Maine No on 1 campaign
Washington Approve R-71 campaign
The Task Force - Marriage/Partner Recognition
Human Rights Campaign - about marriage and relationship recognition
Ballot Initiative Strategy Center - LGBT issues on the ballot
Williams Institute at UCLA - economic analysis on Maine - economic analysis on Washington
Fixing the Initiative Process
The high-profile fights on TABOR and relationship equality in both Washington and Maine show how the initiative process has been hijacked in recent years by monied interests, often using the same right wing front groups to try to undermine progressive goals -- and at the least to force progressives to waste money defending them.
As the Ballot Initiative Strategy Center and others have documented, fraud and deception have become all too common in the signature gathering process for state initiatives. Reform of the process is desperately needed to fix the system and assure that initiatives reflect real grassroots concerns and not just those of elite right wing interests playing games with the ballot process.
As we detailed in our Dispatch Reforming the Ballot Initiative Process: Making Direct Democracy Work, there are a number of disclosure and anti-fraud measures that, if enacted, would prevent these kinds of abuses of the ballot initiative process.
Progressive States Network - Reforming the Ballot Initiative Process: Making Direct Democracy Work
Progressive States Network - Right Wing Fraud Derails Tax Revolt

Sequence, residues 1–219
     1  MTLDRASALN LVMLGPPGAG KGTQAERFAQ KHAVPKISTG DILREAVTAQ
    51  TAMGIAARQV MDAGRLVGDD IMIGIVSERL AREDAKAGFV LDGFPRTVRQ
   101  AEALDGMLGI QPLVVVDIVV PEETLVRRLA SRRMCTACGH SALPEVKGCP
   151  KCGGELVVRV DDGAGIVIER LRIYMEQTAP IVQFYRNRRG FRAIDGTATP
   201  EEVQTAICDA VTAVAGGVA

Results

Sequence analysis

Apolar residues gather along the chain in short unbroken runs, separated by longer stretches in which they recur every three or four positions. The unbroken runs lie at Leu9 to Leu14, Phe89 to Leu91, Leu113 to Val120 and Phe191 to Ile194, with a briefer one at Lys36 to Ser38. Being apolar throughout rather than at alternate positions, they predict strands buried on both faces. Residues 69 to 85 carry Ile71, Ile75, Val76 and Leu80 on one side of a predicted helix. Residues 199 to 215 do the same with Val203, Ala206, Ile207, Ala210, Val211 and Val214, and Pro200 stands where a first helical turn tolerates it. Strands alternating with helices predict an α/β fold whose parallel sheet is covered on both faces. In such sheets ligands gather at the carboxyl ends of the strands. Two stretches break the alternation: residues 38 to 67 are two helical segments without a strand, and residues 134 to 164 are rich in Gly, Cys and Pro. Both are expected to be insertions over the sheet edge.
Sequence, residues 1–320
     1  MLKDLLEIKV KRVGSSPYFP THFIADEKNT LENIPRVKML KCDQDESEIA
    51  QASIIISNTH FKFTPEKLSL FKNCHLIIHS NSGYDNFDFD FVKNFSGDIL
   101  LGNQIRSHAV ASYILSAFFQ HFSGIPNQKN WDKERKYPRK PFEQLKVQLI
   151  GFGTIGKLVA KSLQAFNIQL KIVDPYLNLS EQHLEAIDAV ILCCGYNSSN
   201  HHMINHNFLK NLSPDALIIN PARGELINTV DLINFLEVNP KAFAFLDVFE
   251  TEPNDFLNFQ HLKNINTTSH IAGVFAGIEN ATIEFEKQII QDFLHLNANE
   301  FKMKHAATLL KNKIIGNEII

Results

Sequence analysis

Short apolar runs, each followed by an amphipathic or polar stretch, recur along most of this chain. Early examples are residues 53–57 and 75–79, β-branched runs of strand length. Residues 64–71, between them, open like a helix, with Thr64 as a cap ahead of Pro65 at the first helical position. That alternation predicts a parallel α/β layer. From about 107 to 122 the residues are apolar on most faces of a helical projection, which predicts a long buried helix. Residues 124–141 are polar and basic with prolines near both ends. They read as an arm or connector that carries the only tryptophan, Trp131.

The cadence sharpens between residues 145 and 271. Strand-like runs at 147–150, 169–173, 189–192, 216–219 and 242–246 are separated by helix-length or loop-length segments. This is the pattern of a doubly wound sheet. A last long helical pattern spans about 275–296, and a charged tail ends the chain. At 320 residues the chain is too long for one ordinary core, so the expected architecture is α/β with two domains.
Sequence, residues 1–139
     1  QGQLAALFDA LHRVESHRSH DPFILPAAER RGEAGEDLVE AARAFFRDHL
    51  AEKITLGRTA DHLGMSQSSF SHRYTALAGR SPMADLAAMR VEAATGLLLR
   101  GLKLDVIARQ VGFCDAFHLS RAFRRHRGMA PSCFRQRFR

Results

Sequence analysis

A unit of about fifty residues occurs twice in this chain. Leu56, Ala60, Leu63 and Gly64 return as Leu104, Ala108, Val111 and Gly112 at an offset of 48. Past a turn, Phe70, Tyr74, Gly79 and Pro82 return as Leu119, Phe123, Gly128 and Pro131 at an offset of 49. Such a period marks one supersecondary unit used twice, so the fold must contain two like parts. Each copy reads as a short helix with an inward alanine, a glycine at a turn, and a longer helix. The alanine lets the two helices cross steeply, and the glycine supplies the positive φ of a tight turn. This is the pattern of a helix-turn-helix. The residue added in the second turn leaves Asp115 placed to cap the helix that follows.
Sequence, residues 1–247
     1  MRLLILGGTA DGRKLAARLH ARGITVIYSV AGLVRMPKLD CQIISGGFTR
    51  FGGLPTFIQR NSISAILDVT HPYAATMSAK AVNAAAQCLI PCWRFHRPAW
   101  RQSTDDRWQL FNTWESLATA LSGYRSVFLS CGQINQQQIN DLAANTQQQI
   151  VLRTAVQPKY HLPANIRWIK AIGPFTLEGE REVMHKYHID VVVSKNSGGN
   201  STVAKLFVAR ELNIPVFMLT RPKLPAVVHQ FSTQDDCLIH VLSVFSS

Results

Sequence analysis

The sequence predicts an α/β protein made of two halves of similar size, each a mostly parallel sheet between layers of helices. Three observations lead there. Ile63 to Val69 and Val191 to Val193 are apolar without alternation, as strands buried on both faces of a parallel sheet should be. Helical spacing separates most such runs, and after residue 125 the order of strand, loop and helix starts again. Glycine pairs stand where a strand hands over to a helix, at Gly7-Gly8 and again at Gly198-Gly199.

Ballot Initiative Strategy Center - Signature Reform Guidelines
Ballot Initiative Strategy Center - The Campaign Finance Reform Blind Spot
Other Ballot Issues in November
While likely to get less national attention, there are other important initiatives on state ballots around the country. BISC has a roundup by state here, but a few key state decisions include:
Bond and Investment Measures: As a likely prelude to 2010, both Maine and New Jersey are moving large bond measures to invest in the state:
- In Maine, there is a $71 million bond issue for improvements to highways and bridges, airports, public transit facilities, ferry and port facilities, including port and harbor structures that will make the state eligible for over $148,000,000 in federal and other matching funds.
- In New Jersey, a proposed bond act would authorize $400 million in funds to acquire and develop lands for recreation and conservation purposes, preserving farmland, buying flood-prone or storm-damaged properties, and historic preservation projects.
Slate of Texas Constitutional Amendments: A number are non-controversial, but a few would have real impact, including:
- Streamlining and equalizing the appraisal process for property taxes;
- Protecting public access to beaches on the Gulf of Mexico;
- Restricting eminent domain by limiting state and local governments use of eminent domain to promote economic development; and,
- Establishing the "National Research University Fund" to dedicate $500 million in a fund to turn seven Texas universities into top Tier 1 research institutions.
Other Ballot Initiative Issues: Additionally, Maine voters will be asked to weigh in on:
- Repealing the state's 2007 school consolidation law, which exempted many urban areas and led to opposition in rural parts of the state.
- Another initiative would legalize medical marijuana in the state, following fourteen other states that have legalized medical marijuana for the treatment of a host of health problems such as HIV/AIDS, cancer, hepatitis C, and Alzheimer's disease.
Pennsylvania Supreme Court Election: Given the recent history of business groups engineering the takeover of state high courts, there are high stakes in Pennsylvania where ideological control of the high court, currently divided 3-3 between business and consumer-labor friendly judges, will be decided by elections on November 3rd. Labor unions in particular have made the race a priority in both get-out-the-vote and campaign funding decisions.
Maine No Bad Roads: Vote No on 2
Progressive States Network - Corporate Influence on State Supreme Courts Show Need for Reform